Northern U.S. Road Trip
- Northern U.S. Road Trip
- What can you Expect to See on this Route?
- Starting in Maine
- Disputed Land
- New Hampshire
- Rhode Island
- New York State
- New Jersey
- South Dakota
- North Dakota
- Quick Directions Across the North
When planning a road trip in the United States, there are two popular options: the northern route and the southern route. We’ll be analyzing the northern route here, covering the states from Maine to Washington state. If a road trip is in your future, you can easily cover two different routes on your trip.
This route will cover the states of Maine, New Hampshire, Massachusetts, Vermont, Connecticut, Rhode Island, New York, New Jersey, Pennsylvania, Ohio, Illinois, Indiana, Wisconsin, Minnesota, South Dakota, North Dakota, Idaho, Michigan, Wyoming, Oregon, and Washington. It will also give you a good idea of what to expect when driving through these states, where to stop, and what to do.
What can you Expect to See on this Route?
Sites on the Northern Road Trip Route
This route will wind through the backroad areas New England has to offer and shoot down to Manhattan and up New York state to see the Big Apple. From there, you’ll head upstate to see the Catskills and Adirondack region. Once over those mountains, you’ll proceed to Niagara Falls and across the cities of Erie, Pennsylvania, and over to Cleveland. This industrial area will lead to open prairie land until you reach the city of Chicago, which will turn back into prairie once leaving (very quickly, too!).
Wisconsin and Minnesota landscape on the southern side will be flat farmland, but to the north lies some excellent parks and boreal forests. Once across Minnesota, you will enter the barren state of South Dakota. This will progressively become the Badlands region, culminating with Badlands National Park. This arid region transforms into the dry plains region of eastern Wyoming.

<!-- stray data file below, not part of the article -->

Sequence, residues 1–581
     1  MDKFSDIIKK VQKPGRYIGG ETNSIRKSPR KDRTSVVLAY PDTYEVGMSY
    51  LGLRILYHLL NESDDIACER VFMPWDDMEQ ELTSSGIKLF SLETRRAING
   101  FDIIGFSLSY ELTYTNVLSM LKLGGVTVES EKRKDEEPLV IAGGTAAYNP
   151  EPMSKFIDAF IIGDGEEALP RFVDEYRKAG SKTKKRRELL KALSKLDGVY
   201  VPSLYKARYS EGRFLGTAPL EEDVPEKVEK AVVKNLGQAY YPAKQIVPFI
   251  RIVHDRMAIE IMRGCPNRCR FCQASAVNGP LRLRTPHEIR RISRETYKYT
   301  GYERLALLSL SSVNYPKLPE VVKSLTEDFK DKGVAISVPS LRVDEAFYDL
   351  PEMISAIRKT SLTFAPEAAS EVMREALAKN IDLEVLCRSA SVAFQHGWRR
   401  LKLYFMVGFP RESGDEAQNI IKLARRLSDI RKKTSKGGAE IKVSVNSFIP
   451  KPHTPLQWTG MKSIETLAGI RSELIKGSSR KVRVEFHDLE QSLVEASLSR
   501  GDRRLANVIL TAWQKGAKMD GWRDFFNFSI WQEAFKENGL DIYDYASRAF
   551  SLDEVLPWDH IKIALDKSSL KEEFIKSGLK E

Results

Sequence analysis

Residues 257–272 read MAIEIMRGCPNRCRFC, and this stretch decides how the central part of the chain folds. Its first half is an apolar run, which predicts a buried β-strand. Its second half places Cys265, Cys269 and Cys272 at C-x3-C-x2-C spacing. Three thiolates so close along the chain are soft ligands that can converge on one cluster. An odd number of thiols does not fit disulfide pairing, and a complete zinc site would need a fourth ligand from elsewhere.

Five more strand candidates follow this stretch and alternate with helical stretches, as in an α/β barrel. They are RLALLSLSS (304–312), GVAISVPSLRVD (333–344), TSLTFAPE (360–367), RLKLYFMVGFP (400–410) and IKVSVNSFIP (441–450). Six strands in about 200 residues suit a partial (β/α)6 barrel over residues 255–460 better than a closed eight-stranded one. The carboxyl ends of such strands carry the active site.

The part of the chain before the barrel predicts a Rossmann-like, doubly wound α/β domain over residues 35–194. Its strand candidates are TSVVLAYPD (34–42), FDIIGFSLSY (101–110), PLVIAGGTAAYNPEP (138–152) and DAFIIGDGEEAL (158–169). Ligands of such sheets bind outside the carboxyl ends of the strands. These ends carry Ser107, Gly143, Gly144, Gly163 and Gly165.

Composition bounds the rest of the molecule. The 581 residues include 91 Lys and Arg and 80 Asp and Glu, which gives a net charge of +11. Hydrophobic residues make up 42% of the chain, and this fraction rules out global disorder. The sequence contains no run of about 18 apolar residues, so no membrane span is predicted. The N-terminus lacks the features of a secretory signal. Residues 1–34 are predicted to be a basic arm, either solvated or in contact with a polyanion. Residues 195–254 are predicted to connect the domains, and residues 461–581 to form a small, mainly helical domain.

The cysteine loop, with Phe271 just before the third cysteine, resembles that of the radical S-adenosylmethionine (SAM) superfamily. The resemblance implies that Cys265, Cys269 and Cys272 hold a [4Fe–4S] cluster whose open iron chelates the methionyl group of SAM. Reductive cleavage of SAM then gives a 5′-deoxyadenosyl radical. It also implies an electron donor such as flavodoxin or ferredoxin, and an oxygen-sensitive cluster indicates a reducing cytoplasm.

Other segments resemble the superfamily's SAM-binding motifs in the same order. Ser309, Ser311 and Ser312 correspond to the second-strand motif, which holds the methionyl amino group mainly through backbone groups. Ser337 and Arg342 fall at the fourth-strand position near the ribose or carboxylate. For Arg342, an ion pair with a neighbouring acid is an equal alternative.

Half-way across Wyoming, you will reach the Continental Divide, which abruptly separates the state. As the interstate becomes less and less crowded, you’ll visit the national parks of Yellowstone and the Grand Tetons. A slow descent and over Hells Canyon in Idaho will bring you to Washington state. The high, mountainous region contains many national parks. This road will seemingly slant directly towards Seattle and the Washington shore. A trek down the Washington coast is an amazing journey, perfectly complimented with the high cliffs and waterfalls of Oregon.
Starting in Maine
The northernmost point, where your road trip begins (or ends!)
Maine and Washington are beautiful destinations to set your trip to. The rugged coastline of Maine is unlike the rest of the east coast, as you will quickly notice if you visit the rest of the eastern seaboard. Craggy shores lined with pines and firs make for dramatic New England scenery and a relaxing vacation spot.
Maine is famous for a number of old lighthouses…over 60 to be exact! These antique maritime navigational aids are easy to reach from Route 1. Just like the Pacific Coast Highway of California, Maine’s Route 1 provides outstanding views and the most direct route to all of the shoreside destinations of Maine. A few lighthouses you may recognize in particular. The massive Portland Head Light is the oldest in the United States (1791). At the top of the state, right on the US-Canada border, is West Quoddy Head Light. This striped red and white lighthouse is on the easternmost point of the United States.
The weather in Maine is very cool, nearly all year long. Temperatures rarely crest over 80° due to the high latitude and closeness to the cool Atlantic air. Expect nighttime temperatures to take a drop. Bring sweatshirts with you everywhere towards the end of the day or on the open ocean.
Starting at Acadia National Park, you can take Route 1 south along the coast to see all of the small Maine towns like Bath, Boothbay Harbor, Kittery, the capital of Portland, Rockland, Freeport, Kennebunk, and Wells. From Portland, I-302 will take you directly into the White Mountains of New Hampshire.
What’s cool: The small beach communities, rocky shores, great food, and unique seascapes.
You would think that everything is completely settled and concrete in terms of boundaries between the United States and Canada. Wrong! Machias Seal Island off the coast of Maine and New Brunswick is still disputed as being part of either country.
The Tax-Free State!
New Hampshire is just a short drive from Maine. It is a small state but has plenty of sites to see in this small area. The White Mountains are the state’s primary destination, which is located in the middle of the state. From Maine’s I-302, you will be dropped right into the middle of the White Mountains and the town of North Conway. Nearby is New England’s highest peak, and reportedly the windiest area of North America, Mt. Washington. From North Conway, be sure to visit Franconia Notch and the famed Kangamangus Highway. This road winds through the White Mountains National Forest and is of “National Park” proportions. For a real treat, see this area in the peak fall foliage times of late September-early October.